An easy way to achieve frame-by-frame playback is to extract frames from the video as images. Often people use VLC or MakeMKV to extract the video from a Blu-ray, and FFMPEG to convert the video into images. FFMPEG is a remarkable library that should always be your first stop when working with video. I used the following command:

./ffmpeg.exe -ss 00:00:53 -i ./hunter.mp4 -vf fps=1/5 ./images/hunter%d.png

Here’s more details on all the parameters

  • ss: This parameter indicates where you will start recording. For Night of the Hunter I started 53 seconds in to skip past black screen and intro credits.
  • i: The input file.
  • vf: This is a “filtergraph” or a series of filters that modify the video. It’s incredibly powerful but I’m only using it to reduce the frame rate. I only want one frame every 5 seconds, hence 1/5th of a frame per second.
  • ./images/hunter%d.png: This is a filename template. FFMPEG will create the images using this pattern, replacing %d with an ever growing number for each image created.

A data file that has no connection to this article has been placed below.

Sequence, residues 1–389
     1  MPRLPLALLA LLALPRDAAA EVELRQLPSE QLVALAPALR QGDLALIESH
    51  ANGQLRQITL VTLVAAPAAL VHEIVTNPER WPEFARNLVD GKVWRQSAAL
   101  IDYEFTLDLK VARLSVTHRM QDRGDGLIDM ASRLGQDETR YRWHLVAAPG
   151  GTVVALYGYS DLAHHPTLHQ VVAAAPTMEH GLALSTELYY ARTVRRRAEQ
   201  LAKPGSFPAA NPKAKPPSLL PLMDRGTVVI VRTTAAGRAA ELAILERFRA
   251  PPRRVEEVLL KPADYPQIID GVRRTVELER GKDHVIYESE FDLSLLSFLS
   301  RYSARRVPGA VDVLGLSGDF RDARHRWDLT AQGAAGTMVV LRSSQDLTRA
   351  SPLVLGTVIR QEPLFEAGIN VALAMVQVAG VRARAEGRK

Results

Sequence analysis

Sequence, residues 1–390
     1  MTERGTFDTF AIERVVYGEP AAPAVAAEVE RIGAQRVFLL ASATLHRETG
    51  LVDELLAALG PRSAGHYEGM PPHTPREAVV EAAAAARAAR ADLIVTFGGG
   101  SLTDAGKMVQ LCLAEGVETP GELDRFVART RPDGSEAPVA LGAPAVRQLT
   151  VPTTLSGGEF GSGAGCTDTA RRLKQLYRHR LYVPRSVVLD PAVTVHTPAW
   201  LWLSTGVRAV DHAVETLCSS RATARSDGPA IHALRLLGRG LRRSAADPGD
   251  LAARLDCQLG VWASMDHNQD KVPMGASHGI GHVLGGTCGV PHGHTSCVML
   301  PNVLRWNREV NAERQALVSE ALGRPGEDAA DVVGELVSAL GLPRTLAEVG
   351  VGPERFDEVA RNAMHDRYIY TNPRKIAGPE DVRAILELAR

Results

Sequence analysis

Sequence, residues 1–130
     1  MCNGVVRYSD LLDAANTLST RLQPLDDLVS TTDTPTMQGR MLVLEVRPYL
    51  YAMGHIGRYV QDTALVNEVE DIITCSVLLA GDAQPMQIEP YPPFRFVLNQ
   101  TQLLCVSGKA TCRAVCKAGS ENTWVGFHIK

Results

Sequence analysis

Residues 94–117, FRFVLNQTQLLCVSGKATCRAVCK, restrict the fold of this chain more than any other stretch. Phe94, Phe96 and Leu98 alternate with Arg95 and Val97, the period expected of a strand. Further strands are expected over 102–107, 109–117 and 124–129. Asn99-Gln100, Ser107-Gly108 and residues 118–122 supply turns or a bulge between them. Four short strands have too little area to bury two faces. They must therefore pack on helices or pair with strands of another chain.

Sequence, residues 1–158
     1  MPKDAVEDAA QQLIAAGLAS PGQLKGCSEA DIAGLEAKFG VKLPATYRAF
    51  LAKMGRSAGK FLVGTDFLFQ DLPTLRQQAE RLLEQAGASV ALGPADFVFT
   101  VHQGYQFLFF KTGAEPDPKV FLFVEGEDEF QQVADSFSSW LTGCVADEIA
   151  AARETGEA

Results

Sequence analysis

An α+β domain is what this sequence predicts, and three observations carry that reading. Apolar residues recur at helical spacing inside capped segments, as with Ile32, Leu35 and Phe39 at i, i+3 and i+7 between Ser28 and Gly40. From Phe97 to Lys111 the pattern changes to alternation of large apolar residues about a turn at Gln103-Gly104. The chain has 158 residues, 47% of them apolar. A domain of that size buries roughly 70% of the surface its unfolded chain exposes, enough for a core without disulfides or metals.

The Code

I’ve got all my images and a way to get them on the wall. Now I need a way to show the images and cycle through each frame. Being a web developer, I built a simple website and web server to manage everything.

For this project I wanted to work fast and save time, so I turned to GitHub Copilot. Copilot has an interesting feature where you write a comment describing how your code should work and it will write the code. After using it for a while, I think it’s witchcraft. Let me show you.

I started with basic express boilerplate (note that this is all in TypeScript).